What is “Early Investment” aka “Fast Start” aka “Bookends”?
The most recent version of the High Speed Rail business plan proposes to have High Speed Rail funds pay for improvements in the San Francisco Bay Area and Los Angeles Area earlier than previously planned. According to the previous version of the High Speed Rail business plan, High Speed Rail would not arrive in the Bay Area until 2034 or later.
The proposal was dubbed the “Bookends” proposal by the High Speed Rail Authority. Caltrain called the Bay Area portion “Early Investment”. A consortium of San Francisco agencies called their version of the proposal “Fast Start”.
Regardless of the nickname, the upcoming version of the Business Plan plan is expected to provide $1.5B of funding from High Speed Rail, federal, state and regional sources to fund the electrification of the Caltrain Corridor and positive train control, and a similar amount to fund improvements in the Los Angeles Area.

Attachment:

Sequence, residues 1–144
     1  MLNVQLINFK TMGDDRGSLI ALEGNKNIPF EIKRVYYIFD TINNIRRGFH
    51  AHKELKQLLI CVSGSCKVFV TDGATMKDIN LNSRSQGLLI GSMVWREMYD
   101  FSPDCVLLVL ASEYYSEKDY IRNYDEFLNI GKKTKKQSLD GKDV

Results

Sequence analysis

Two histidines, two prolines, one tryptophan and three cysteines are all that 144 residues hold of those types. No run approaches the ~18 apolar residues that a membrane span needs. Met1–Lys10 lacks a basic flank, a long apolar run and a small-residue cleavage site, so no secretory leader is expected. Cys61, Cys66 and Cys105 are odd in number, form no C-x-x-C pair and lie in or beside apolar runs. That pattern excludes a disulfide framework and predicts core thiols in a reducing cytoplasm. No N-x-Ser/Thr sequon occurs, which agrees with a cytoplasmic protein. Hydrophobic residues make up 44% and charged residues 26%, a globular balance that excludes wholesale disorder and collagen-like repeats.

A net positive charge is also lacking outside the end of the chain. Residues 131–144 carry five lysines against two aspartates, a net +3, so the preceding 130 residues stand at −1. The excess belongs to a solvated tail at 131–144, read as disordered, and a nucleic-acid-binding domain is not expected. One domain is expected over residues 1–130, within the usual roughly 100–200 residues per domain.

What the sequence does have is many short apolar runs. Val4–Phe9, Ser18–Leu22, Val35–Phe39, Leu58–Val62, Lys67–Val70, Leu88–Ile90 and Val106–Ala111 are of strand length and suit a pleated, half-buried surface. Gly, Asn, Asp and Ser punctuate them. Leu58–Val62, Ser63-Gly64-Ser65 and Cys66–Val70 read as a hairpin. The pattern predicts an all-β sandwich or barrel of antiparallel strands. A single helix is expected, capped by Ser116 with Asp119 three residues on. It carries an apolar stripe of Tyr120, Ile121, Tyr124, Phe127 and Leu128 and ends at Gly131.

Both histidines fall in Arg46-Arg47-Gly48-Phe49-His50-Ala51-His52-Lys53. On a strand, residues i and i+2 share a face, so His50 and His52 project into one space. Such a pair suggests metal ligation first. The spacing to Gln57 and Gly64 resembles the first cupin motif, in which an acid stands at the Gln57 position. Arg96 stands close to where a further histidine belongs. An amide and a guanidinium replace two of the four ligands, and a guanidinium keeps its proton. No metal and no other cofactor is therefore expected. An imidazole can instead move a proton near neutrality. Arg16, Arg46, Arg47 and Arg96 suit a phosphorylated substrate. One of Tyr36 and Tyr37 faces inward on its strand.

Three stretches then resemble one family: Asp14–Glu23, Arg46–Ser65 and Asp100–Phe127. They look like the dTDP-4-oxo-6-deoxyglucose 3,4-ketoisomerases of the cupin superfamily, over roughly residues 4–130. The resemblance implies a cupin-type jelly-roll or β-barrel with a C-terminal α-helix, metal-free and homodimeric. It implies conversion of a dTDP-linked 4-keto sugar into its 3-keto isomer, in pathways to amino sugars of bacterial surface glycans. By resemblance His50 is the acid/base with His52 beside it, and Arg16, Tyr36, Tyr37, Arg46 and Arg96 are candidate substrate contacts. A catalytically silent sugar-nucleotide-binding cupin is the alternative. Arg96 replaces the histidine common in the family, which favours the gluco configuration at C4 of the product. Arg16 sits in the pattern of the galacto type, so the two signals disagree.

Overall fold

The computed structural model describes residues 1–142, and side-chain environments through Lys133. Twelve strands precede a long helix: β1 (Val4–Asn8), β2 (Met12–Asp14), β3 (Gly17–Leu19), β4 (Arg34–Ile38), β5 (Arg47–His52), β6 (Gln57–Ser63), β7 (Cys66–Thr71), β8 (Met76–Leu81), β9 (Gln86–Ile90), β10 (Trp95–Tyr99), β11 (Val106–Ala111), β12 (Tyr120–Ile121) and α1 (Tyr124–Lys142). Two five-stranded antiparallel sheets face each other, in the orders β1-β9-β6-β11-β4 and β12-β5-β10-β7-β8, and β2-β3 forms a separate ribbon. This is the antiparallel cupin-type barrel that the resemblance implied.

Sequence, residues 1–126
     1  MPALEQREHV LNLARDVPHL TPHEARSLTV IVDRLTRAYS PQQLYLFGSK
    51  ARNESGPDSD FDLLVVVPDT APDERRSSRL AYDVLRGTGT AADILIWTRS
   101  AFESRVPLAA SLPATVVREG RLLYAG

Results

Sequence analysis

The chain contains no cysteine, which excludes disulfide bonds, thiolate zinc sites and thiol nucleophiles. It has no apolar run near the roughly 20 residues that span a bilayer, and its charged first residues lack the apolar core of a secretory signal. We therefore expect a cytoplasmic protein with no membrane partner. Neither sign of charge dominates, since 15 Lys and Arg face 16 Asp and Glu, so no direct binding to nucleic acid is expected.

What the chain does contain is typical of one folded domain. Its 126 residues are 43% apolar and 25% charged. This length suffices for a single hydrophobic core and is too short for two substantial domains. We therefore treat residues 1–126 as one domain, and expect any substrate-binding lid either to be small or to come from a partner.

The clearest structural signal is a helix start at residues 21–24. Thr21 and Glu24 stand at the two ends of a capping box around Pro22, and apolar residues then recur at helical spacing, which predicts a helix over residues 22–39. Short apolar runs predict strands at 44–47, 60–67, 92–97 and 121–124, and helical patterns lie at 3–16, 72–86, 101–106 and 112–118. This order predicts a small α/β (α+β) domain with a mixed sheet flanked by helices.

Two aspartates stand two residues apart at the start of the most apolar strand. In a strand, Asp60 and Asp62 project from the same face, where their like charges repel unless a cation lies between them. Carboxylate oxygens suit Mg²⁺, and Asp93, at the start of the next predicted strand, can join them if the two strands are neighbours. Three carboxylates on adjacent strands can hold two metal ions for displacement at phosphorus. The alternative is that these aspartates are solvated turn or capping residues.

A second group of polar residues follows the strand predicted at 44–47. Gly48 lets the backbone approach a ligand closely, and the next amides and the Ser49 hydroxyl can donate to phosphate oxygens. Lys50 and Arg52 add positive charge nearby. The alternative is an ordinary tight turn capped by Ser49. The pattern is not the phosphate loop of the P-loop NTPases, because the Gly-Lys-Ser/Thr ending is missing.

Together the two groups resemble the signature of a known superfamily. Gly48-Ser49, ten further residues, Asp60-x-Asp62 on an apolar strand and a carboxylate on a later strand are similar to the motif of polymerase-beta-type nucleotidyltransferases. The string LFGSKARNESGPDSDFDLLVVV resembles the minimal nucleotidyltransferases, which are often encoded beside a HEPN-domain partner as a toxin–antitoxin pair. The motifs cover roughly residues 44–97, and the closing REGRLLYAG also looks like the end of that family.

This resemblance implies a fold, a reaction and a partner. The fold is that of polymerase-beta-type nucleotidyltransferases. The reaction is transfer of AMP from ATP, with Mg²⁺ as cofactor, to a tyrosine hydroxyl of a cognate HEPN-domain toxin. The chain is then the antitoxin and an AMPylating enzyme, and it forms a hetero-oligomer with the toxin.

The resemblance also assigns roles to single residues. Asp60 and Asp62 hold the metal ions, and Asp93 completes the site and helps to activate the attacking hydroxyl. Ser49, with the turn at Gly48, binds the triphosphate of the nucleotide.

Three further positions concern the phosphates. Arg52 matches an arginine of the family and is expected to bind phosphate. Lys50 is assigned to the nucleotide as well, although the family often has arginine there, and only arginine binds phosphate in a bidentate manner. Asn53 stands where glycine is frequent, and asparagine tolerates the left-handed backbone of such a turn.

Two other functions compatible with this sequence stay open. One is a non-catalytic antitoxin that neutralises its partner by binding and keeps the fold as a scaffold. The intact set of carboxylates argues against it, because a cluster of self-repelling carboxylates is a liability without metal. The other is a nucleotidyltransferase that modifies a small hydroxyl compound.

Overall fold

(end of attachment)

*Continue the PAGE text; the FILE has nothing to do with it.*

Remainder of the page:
What is the “Memorandum of Understanding”?
The Memorandum of Understanding is the agreement to fund to the Early Investment Plan in the Bay Area. It describes the funding sources, the goals for the funds, and Participants in the MOU include MTC, the High Speed Rail Authority, the Caltrain Joint Powers Board, San Francisco County Transportation Authority, San Francisco City and County, Transbay Joint Powers Authority, San Mateo County Transportation Authority, VTA (Santa Clara County), and City of San Jose.
What is Electrification? What are its benefits?